Burrell reluctantly sides with Daniels in the disagreement with Rawls, giving the detail more time to make a case against Avon, despite his fears the operation is beginning to sprawl. ... See full summary »

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(created by), (teleplay by) (as Rafael Alvarez) | 2 more credits »
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Episode cast overview, first billed only:
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D'Angelo Barksdale (as Larry Gilliard Jr.)
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Storyline

Burrell reluctantly sides with Daniels in the disagreement with Rawls, giving the detail more time to make a case against Avon, despite his fears the operation is beginning to sprawl. McNulty and Pearlman present the detail's findings to Phelan, who signs an affidavit for a further thirty days of electronic surveillance. Using information from the wiretap on the pit phones, the detail catch a runner on his way to the pit with a re-up. However, they elect not to arrest the driver, Anton "Stinkum" Artis, so as to avoid giving up their evidence in the charging documents. Stinkum's apparent free pass from the police convinces Avon and Stringer that their operation has been penetrated, and Stringer introduces a new set of operating procedures. Rawls gives Det. Michael Santangelo a choice; acquire information that he can use against McNulty or solve some of the department's open homicides, whilst the owner of Avon's strip club, Wendell "Orlando" Blocker, has a proposal for D'Angelo. ... Written by Bertaut

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Genres:

Crime | Drama | Thriller

Certificate:

TV-MA | See all certifications »
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Release Date:

21 July 2002 (USA)  »

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4:3
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Did You Know?

Goofs

When Jay offers the index card for Madame LaRue to Sanny, he kneels next to Sanny's desk. Sanny takes the card from Jay's hand, but in the next shot, Jay is again holding it. See more »

Quotes

Det. William 'Bunk' Moreland: A man must have a code.
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Connections

References Hawaii Five-O (1968) See more »

Soundtracks

Way Down in the Hole
(uncredited)
Performed by The Blind Boys Of Alabama
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User Reviews

 
Time for some progress
14 February 2009 | by (Italy) – See all my reviews

With basically half the season over, it's reasonable to expect at least some degree of progress in the investigation that constitutes the heart and soul of The Wire's narrative. However, this being a more reality-based series than your average police show, it's also fairly logical to expect a downside as well.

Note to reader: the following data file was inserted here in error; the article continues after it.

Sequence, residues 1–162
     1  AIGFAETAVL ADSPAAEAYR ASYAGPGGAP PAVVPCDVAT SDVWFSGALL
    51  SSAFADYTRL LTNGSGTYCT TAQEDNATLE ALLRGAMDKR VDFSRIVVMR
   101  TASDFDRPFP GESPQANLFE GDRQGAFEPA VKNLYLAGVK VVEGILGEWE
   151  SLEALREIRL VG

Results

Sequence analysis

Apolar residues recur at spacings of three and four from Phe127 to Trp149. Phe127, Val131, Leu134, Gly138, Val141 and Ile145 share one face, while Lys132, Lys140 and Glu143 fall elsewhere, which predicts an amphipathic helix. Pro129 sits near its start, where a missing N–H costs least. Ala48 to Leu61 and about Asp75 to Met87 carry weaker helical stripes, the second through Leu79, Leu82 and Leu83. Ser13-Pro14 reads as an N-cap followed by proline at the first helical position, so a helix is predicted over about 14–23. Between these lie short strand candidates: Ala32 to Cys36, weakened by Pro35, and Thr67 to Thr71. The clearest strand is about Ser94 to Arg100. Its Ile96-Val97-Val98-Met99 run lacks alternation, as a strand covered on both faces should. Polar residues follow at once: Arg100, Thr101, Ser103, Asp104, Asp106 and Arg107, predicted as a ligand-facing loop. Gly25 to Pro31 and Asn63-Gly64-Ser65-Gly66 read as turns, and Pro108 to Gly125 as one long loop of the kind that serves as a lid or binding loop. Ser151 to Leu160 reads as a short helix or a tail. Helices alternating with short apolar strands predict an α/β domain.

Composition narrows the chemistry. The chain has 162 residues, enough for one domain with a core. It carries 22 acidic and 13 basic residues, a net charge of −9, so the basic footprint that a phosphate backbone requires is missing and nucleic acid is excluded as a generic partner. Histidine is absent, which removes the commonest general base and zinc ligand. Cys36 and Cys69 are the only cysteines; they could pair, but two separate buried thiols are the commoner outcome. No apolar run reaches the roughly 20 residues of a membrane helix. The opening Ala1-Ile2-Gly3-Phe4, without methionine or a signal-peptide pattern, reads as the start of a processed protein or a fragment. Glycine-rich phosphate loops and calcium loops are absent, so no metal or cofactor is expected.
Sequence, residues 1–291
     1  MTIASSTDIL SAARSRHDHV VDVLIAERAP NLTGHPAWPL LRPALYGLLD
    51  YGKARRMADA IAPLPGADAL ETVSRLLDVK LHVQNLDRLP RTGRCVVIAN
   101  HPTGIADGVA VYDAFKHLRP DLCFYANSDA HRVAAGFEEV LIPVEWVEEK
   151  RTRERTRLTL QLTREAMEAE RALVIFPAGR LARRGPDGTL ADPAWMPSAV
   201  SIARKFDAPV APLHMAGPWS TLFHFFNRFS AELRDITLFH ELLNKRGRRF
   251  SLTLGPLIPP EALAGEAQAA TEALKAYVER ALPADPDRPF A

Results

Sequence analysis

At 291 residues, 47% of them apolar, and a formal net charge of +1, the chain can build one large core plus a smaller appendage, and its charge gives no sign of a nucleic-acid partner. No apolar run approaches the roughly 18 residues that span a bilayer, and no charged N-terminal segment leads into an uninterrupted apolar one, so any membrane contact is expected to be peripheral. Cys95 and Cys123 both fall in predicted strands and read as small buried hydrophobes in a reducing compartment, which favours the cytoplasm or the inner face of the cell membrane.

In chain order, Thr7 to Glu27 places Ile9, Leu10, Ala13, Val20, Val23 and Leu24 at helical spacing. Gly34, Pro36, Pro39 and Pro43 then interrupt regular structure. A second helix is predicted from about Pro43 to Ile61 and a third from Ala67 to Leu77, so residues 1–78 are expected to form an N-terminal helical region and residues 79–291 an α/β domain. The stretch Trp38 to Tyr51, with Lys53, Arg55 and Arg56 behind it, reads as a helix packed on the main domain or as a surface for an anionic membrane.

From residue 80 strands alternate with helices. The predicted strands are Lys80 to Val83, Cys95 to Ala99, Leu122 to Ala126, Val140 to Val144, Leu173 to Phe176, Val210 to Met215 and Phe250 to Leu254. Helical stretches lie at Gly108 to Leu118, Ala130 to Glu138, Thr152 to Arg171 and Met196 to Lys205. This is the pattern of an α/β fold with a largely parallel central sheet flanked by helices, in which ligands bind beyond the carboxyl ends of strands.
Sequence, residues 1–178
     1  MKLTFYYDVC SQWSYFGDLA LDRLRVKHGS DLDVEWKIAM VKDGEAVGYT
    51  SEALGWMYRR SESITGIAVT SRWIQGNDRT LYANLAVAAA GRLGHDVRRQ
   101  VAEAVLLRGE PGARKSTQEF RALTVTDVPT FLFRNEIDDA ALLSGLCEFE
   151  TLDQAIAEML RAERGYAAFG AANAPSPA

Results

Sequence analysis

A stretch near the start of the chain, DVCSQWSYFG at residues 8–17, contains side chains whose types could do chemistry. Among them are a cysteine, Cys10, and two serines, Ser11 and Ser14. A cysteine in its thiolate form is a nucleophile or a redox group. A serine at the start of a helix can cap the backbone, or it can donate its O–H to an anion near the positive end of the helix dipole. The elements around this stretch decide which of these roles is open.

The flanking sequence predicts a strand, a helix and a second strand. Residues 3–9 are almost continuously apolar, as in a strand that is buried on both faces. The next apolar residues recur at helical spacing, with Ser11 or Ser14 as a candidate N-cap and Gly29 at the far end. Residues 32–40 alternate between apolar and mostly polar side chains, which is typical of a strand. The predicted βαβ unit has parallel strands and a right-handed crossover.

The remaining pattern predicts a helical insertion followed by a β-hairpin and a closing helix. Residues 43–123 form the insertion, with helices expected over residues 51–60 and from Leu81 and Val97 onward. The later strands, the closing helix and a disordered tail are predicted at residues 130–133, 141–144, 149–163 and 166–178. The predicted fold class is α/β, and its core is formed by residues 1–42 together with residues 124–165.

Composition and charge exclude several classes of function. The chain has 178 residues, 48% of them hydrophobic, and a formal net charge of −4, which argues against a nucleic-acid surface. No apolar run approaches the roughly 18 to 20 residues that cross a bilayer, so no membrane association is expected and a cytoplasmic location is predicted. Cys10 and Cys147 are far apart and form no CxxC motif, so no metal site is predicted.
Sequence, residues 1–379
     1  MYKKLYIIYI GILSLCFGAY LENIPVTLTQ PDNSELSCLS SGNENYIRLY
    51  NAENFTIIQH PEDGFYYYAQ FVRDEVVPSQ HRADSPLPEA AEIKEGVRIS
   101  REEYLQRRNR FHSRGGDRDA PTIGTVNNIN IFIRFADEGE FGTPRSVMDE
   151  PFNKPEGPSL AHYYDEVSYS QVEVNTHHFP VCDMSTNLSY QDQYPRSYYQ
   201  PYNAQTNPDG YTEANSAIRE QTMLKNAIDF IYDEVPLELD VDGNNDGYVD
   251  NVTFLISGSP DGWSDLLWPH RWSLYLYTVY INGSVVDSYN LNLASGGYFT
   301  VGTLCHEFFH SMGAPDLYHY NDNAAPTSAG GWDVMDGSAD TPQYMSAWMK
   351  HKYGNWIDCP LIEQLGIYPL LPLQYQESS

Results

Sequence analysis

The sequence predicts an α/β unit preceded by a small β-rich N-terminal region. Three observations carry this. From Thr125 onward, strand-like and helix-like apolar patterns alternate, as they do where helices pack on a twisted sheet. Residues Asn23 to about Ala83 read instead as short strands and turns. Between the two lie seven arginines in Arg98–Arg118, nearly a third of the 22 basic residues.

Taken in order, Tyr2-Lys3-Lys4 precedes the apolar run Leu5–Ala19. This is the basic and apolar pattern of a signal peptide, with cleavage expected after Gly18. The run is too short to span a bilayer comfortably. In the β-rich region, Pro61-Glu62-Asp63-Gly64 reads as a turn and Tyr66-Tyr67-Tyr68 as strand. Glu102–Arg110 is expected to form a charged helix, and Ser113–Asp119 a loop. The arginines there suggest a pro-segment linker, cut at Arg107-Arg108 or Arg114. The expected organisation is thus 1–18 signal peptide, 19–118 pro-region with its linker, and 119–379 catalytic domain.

The progress is that thanks to Prez's knowledge of drug-related slang, the team is able to decipher all the essential conversations heard with the wiretap. Additionally, a strategically planned bust goes exactly as Daniels had hoped, and McNulty has no big problems convincing Phelan to extend their warrant for another 30 days. Unfortunately, a sour surprise is waiting around the corner since, after successfully arresting Bird with Omar's help, McNulty finds out Rawls is determined to throw him out of the police department. Furthermore, Stringer tells D'Angelo and the others to destroy the pay-phones in the Pit and change their communication habits as a precaution, which effectively stops a large part of the detail's operation.

One Arrest is a pretty important episode, primarily because it shows how committed to the job these people are. McNulty, in particular, gets to expose his softer side in a scene that would come off as contrived under any other circumstances. That it works is due to the no-nonsense writing and Dominic West's down-to-earth acting. The last section of the show is also a perfect piece of evidence in regards to how accurately The Wire depicts the more controversial aspects of law enforcement: how many TV programs can have a scene where police officers beat up a suspect just for the heck of it and still make us root for the officers? Sure, the fact that the suspect refers to Kima Greggs as a "c*nt-eater" isn't gonna earn him any sympathy points...


17 of 17 people found this review helpful.  Was this review helpful to you?

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